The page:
LJN: And the title?

CG: I nicked it from Chaucer – he never wrote a tale about a singer, but he travelled through South East London, knew it, trod the same paths I trod.

Read full article here


Review: The Singer's Tale

St James Studio, 9th February 2015

Large slices of British jazz history are disappearing. The music itself is documented, but the accounts of how it was made and the world for which it was performed are fading because they exist only in the frailest of formats – memory. So when an event like Carol Grimes’ The Singer’s Tale comes along, it forms an invaluable document.

For anyone who lived through the period from the early 60s on the London jazz scene, it will recall events, venues and people long gone, but which form ldquo;names to conjure with”, summoning up memories and recreating events and feelings with a that power goes way beyond nostalgia into reliving. For anyone who didn’t live through it, here is an account of the life of a talented but uneducated woman and mother who did not fit easily into musical categories. Documents on women in British Jazz and Rock – and of their treatment by the almost exclusively male scenes where they were often treated as props rather than musicians – are rare, and this sometimes harrowing, sometimes hilarious look at life is probably unique.

Read full article here


The Singers Tale: Carol Grimes - the “Edith Piaf” of British music

By Sebastian Taylor, Camden Review, 5th February 2015

www.camdenreview.com

Carol Grimes, the “Edith Piaf” of British music, is singing about her extraordinary life in The Singer’s Tale at St James Theatre’s studio next Monday evening.

Part dramatisation of her life story, part jazz gig, she’s singing with her collaborator/pianist Dorian Ford, fabulous trombonist Annie Whitehead, bass player “Level-Neville” Malcolm and leading drummer Winston Clifford.

In the prologue to his Canterbury Tales, Geoffrey Chaucer wrote: He could sing songs make and well endite.

“Well, Chaucer didn‘t get round to recounting a Singer‘s Tale – so here‘s mine,” she says.

Songs, stories and anecdotes in her Singer‘s Tale take the audience through her life from street busker to Ronnie Scott‘s; from Notting Hill to Nashville; from Memphis to San Francisco; and from Hackney to Texas and Eastern Europe.

Accompanying musicians are brought in as the Grimes journey moves from place to place, be it pubs, village halls, theatres, cafés, festivals.

No place has been too small or too large to accommodate Carol Grimes, often bedecked with most striking hair-dos. Although her singing journey has been international, she’s always returned to London. And it’s in London where she’s been such a terrific influence on the lives of numerous putative jazz singers through her City Lit classes.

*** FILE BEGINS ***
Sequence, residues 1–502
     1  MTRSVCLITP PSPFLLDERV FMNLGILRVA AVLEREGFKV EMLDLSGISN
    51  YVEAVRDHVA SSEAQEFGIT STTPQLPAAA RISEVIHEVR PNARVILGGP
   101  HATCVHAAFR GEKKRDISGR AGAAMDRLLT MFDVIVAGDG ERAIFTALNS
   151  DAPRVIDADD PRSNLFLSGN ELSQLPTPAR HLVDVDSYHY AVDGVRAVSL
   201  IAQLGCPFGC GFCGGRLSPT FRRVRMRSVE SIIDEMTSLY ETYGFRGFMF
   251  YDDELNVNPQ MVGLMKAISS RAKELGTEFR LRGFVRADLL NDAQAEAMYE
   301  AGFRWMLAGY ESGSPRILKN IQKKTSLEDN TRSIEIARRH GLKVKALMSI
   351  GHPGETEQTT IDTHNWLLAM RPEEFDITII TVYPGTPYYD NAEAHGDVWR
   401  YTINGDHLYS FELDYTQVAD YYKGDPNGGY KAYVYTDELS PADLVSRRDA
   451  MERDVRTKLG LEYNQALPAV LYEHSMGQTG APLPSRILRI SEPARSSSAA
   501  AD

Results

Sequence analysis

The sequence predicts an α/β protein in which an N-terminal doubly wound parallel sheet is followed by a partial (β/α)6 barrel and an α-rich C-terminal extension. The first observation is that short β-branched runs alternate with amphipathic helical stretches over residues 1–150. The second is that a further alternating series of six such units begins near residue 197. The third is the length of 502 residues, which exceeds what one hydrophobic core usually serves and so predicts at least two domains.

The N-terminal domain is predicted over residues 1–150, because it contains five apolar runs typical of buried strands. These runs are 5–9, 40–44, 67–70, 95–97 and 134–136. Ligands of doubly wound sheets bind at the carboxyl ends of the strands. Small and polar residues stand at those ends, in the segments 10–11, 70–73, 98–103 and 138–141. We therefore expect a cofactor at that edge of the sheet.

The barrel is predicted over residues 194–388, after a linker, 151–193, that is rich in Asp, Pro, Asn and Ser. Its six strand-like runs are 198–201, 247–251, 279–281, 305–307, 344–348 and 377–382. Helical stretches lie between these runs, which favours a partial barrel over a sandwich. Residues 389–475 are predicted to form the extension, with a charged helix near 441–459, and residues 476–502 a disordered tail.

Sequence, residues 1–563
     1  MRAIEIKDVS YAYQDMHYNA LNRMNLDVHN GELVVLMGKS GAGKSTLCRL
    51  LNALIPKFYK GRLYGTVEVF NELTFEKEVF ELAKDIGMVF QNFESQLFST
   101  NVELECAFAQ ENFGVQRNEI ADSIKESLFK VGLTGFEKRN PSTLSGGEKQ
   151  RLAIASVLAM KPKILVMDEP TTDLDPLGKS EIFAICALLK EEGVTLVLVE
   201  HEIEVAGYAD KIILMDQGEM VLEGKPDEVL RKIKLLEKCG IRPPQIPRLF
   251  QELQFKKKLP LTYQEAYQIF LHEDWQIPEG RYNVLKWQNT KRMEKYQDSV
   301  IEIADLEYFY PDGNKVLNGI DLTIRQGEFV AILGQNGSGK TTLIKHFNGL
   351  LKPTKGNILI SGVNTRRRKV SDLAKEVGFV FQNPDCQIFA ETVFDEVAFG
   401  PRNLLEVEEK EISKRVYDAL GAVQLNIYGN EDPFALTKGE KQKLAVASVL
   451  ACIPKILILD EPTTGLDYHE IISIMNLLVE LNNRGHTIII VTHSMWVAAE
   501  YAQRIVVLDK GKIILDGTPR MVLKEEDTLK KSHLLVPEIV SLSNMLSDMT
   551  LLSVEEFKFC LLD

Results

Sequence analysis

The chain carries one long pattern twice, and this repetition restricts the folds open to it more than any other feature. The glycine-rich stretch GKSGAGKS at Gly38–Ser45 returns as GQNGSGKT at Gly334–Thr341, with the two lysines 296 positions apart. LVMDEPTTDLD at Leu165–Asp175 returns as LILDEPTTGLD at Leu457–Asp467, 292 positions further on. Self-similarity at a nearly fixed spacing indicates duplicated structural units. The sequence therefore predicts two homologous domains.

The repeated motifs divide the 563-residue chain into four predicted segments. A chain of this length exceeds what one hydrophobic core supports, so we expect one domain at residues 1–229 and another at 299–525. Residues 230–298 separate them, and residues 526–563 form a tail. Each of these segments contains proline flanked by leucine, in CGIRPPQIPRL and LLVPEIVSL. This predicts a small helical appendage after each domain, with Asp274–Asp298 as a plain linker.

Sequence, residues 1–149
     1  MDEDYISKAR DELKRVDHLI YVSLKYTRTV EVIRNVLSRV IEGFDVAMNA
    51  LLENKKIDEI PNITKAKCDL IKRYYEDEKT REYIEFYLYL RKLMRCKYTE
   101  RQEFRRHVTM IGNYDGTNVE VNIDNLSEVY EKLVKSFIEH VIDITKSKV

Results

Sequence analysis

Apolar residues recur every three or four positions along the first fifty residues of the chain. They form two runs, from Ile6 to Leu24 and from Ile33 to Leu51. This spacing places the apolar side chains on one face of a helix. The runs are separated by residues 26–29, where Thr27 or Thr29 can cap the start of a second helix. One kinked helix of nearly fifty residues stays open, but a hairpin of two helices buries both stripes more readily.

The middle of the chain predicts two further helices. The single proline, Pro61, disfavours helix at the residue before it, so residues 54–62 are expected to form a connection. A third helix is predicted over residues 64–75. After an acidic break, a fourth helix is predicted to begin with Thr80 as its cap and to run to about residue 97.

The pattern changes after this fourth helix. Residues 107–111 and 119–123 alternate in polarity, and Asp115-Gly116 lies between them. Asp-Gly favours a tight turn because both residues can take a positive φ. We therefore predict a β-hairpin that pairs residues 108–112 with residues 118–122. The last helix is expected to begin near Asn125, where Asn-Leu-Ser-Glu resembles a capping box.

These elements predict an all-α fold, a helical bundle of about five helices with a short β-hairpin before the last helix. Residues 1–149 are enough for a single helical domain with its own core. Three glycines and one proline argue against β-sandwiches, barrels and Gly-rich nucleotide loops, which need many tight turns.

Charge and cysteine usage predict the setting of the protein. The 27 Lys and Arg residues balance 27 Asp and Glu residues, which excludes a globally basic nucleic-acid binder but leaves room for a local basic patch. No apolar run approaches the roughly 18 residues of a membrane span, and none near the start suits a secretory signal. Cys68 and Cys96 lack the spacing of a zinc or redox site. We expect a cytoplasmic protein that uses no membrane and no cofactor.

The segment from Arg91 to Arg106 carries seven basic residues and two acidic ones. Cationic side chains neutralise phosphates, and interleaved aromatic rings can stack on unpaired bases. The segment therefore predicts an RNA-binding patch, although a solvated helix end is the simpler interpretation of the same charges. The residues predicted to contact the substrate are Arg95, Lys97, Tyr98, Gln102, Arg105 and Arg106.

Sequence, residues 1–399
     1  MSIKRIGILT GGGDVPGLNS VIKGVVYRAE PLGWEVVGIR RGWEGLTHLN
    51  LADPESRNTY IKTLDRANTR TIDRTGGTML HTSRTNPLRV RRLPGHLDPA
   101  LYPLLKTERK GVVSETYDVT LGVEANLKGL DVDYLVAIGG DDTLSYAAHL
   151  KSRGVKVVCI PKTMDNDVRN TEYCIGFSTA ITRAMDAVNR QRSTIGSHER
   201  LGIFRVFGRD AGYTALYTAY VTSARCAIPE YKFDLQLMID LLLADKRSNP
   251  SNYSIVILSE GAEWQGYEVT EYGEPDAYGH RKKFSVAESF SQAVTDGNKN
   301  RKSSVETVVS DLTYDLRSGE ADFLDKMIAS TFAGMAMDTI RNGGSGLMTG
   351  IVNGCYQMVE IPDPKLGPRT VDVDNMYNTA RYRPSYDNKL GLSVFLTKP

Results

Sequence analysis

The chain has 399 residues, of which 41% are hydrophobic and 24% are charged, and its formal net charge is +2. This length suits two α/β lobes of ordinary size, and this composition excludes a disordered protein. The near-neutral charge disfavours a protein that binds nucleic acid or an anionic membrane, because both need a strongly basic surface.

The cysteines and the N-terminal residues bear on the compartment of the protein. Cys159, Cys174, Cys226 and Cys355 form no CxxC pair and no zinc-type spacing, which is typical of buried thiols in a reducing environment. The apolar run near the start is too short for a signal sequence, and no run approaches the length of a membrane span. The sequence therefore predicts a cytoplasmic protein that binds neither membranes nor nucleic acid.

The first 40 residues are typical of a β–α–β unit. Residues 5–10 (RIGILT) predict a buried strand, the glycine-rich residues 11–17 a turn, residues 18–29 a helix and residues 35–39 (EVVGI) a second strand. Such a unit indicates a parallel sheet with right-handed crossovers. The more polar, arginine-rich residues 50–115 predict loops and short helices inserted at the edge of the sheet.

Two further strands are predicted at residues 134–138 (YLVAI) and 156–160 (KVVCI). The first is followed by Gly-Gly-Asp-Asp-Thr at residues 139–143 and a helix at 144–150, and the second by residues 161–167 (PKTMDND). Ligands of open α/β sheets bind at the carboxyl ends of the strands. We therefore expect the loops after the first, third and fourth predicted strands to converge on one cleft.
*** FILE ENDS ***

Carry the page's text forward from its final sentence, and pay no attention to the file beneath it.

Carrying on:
Now she’s still making a positive influence on the lives of people with Parkinson’s Disease, motor-neurone and other disabilities through her Sing for Joy groups in Kentish Town and Holborn.


Carol at St James Studio, February 2015

Carol Grimes, the 'Piaf' songstress of British music — this raw, in your face, sublime performer — takes you on a musical journey through her extraordinary life.

The Singer's Tale weaves its stories — sometimes shady, mad and bad — but with music and song at their heart.

“Carol Grimes has a fascinating story to tell. She also has a command of shaping and delivering words, a performance sense, and the musical and human depth and warmth to really make something of this. The story pulls in songs that reference times of her life. This project has such a strong heart, it really could go anywhere as it develops. Dorian Ford has no music, just her words in front of him. His ability to match mood or word with chord or line, to evoke the ghosts of songs past is a revelation too.” (review by Sebastian Scotney)

Like Geoffrey Chaucer’s pilgrims in The Canterbury Tales, Carol’s journey started in London. As a singer, she is the character Chaucer left out from his Tales. From her first gig, Carol has attracted enthusiastic followers who want to join her on her “pilgrimage”.

He could songs make and well endite.” (from the prologue of The Canterbury Tales) — Chaucer didn’t write a Singer’s Tale, so here is mine.

Carol’s principal musician/performer in telling her tale is pianist Dorian Ford. Other first class musicians who regularly work with Carol are brought in along the road to add to the story wherever it lands: pubs, village halls, theatres, cafes, festivals – no place is too small or too large to embrace Carol Grimes and her Singer’s Tale.

9th and 26 February 2015. Doors open 7.15pm, show at 8pm.
St James Studio, 12 Palace Street, London SW1E 5JA. Nearest tube: Victoria.

Book on 0844 2642140 or at www.stjamestheatre.co.uk


Sing for Joy

Sing for Joy

Sing for Joy is a community choir for people with Parkinson's Disease and similar conditions, their friends and carers.

We are all sorts of ages, types and genders. All that we have in common is that we have an illness, or care for someone with an illness, and that singing with others makes us feel better.

To find our more about us, please click here.